The Harmful Sexual Behaviour procedure has now been rewritten and updated. A launch of this procedure if currently being planned but please visit our updated HSB web page for the new procedure.
CYSCP are pleased to announce the appointment of Maggie Atkinson as The CYSCP Independent Scrutineer.
Former Children’s Commissioner appointed to support work of City of York Safeguarding Children Partnership
A former national Children’s Commissioner has been appointed to scrutinise the work of City of York Safeguarding Partnership (CYSCP).
Maggie Atkinson will take on the new post as Independent Scrutineer to the citywide partnership. Led jointly by City of York Council, North Yorkshire Police and the Vale of York Clinical Commissioning Group, the partnership’s role is to ensure that services across the city work together to protect children and young people from harm or abuse.
Dr Atkinson’s role will be to challenge the partnership in all areas of its work, highlighting areas needing improvement, as well as good practice. The aim is to help make services across the city safer for children and young people.
Maggie brings a wealth of experience to the new role, having served as the Children’s Commissioner for England between 2010-2015, after jobs in teaching and local government. Most recently, she has worked with organisations to develop their practice, leadership and management.
Maggie Atkinson, Independent Scrutineer, said: “I am delighted to become the Independent Scrutineer of the many organisations across York whose work contributes to children and young people’s health, safety, wellbeing, education and citizenship. Keeping them all as safe as possible, and recognising that in York as elsewhere they are a quarter of the population with ambitions, needs, views and opinions we must heed, are central concerns.
“At the heart of all that activity are services working directly with all children and young people, and those that work particularly with the most vulnerable who need help, enhanced support or protection. But children and young people also spend in the city’s economy, use its transport, are housed in accommodation that must be safe and secure, care about the environment and much else besides.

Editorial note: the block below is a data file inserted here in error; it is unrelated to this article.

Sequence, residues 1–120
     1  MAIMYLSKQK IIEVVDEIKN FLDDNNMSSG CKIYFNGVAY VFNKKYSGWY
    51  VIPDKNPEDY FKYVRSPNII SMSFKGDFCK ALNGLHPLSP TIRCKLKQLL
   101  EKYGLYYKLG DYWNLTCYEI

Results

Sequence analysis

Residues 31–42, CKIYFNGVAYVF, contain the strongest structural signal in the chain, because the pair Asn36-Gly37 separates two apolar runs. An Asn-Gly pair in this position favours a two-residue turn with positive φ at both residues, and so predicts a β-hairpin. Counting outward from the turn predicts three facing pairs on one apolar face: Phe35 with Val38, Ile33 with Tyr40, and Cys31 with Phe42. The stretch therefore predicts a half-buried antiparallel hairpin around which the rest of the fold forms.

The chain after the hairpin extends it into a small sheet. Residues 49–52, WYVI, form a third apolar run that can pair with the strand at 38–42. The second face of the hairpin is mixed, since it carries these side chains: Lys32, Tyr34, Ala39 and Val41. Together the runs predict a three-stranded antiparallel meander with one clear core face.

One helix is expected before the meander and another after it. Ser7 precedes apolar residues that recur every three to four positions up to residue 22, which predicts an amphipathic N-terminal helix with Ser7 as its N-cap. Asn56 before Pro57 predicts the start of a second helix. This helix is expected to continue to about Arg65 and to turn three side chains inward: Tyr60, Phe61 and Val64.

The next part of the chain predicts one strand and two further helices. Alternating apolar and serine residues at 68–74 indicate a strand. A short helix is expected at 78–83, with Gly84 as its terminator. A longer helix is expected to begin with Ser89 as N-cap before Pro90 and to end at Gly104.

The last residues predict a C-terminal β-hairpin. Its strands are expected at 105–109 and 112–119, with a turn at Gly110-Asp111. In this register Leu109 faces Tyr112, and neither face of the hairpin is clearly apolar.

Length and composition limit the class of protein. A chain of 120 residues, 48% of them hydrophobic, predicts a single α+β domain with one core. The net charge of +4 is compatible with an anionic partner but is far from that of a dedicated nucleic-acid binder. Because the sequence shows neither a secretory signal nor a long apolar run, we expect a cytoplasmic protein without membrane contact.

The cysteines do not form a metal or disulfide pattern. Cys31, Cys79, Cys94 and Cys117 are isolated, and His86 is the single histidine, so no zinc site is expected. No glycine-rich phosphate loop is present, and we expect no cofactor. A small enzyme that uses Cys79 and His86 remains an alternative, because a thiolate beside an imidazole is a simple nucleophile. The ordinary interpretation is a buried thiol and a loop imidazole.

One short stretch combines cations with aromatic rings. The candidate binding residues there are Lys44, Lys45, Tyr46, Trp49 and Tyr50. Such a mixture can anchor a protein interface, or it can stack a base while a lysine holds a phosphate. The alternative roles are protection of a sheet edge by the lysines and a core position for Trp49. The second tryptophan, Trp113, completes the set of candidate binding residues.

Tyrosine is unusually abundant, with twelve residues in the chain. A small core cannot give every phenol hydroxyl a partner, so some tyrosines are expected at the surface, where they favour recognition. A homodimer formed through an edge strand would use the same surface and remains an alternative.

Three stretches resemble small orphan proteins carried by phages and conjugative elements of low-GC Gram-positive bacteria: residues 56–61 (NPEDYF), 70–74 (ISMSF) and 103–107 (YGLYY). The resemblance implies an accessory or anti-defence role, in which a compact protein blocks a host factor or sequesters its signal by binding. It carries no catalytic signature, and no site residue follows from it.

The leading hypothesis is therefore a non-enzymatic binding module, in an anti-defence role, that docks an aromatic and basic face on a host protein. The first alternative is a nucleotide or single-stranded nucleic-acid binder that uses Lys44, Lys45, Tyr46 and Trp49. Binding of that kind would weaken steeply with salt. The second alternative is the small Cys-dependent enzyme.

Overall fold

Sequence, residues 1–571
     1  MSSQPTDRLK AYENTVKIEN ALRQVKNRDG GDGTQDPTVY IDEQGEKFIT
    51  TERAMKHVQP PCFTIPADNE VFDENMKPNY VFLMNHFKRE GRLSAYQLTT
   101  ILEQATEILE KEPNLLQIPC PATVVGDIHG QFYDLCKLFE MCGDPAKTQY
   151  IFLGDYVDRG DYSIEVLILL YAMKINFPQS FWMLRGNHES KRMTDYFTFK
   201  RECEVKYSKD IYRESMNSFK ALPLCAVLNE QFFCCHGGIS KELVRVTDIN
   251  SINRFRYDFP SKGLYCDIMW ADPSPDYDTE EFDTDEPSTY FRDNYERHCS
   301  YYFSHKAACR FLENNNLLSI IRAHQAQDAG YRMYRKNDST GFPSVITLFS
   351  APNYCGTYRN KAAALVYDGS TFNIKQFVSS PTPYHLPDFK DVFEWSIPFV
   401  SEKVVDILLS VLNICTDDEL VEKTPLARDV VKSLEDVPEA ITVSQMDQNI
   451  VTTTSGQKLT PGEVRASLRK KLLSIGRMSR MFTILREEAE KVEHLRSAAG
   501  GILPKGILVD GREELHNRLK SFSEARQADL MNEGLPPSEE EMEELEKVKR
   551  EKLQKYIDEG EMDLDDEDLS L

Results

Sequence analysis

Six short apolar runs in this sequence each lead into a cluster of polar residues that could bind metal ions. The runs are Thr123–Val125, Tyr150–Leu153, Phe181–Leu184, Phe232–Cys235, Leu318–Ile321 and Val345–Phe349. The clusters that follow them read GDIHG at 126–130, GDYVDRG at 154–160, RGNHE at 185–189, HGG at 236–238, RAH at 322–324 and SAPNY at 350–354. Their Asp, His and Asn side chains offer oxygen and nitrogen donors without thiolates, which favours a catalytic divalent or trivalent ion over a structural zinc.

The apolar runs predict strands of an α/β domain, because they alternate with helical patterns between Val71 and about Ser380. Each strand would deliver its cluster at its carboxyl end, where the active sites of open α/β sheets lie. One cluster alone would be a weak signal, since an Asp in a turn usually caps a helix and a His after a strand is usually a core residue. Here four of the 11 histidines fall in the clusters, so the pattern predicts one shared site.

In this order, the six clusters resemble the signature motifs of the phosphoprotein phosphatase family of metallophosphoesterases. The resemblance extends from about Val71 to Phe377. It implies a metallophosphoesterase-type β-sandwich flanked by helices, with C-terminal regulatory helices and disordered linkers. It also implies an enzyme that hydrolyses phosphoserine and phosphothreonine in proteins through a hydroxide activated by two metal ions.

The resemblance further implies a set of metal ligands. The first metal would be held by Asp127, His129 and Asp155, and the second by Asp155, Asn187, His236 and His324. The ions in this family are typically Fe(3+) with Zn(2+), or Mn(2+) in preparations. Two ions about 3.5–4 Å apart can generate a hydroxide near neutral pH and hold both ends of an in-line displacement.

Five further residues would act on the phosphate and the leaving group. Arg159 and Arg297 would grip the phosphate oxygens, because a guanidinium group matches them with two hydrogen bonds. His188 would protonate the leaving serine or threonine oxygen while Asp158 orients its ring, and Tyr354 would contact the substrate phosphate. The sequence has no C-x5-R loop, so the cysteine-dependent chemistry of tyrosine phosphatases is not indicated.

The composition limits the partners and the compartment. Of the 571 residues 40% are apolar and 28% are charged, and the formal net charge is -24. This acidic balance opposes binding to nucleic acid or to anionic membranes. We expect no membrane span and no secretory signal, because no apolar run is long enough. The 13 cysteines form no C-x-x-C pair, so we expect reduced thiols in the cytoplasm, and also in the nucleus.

“The adults who bring them up, and those who work with them act together to meet their needs, as well as nurturing them so they can do the best they can, growing up to be adults who in turn will work in, further develop, and perhaps even lead the city in the future.
“My work as Independent Scrutineer will highlight where there is already great work being done for York’s children and young people; and will challenge services, and the city’s wider community, when things should be better joined up, more ambitious, or more sharply focused on what needs to improve for children and young people. I look forward immensely to playing my part in this vital role.”
Assistant Chief Constable Annette Anderson, North Yorkshire Police, Chair of City of York Safeguarding Children Partnership, said: “In York we see safeguarding children as everyone’s responsibility and at the heart of this is having strong partnership arrangements that hold us all to account and drive forward service improvement. Maggie’s appointment is fantastic news for our partnership. She is highly regarded and experienced and will provide us with an independent view of how well we are meeting the needs of the children and families we work for.”
Councillor Ian Cuthbertson, City of York Council’s Executive member for Children, Young People and Education, said:
“I’m delighted that Maggie has been appointed Independent Scrutineer for the partnership. Maggie brings years of experience and knowledge to the role of scrutineer and it’s clear that she shares with all three CYSCP partners the firm belief that safeguarding children is everyone’s responsibility. I know that she will give an independent and impartial view of the partnership’s effectiveness in addressing the safeguarding needs of our city’s children and families.
For more information about the City of York Safeguarding Children Partnership visit https://www.saferchildrenyork.org.uk/
The Childrens Society are running the #LookCloser campaign during the week 14th – 20th September to raise public awareness of child exploitation and abuse, with a particular focus on public spaces. The CYSCP are supporting this campaign, which aims to raise public awareness, inform the public how to identify exploitation and how to report it. Further information can be found on the Children's Society Look Closer webpage.
Government information for parents and carers about going back to schools, nurseries and colleges in the autumn term.
CYC know that parents, carers and pupils will have lots of questions about the new term, so they’ve prepared some advice which will help to answer some of them. Find it here or check with your school’s website: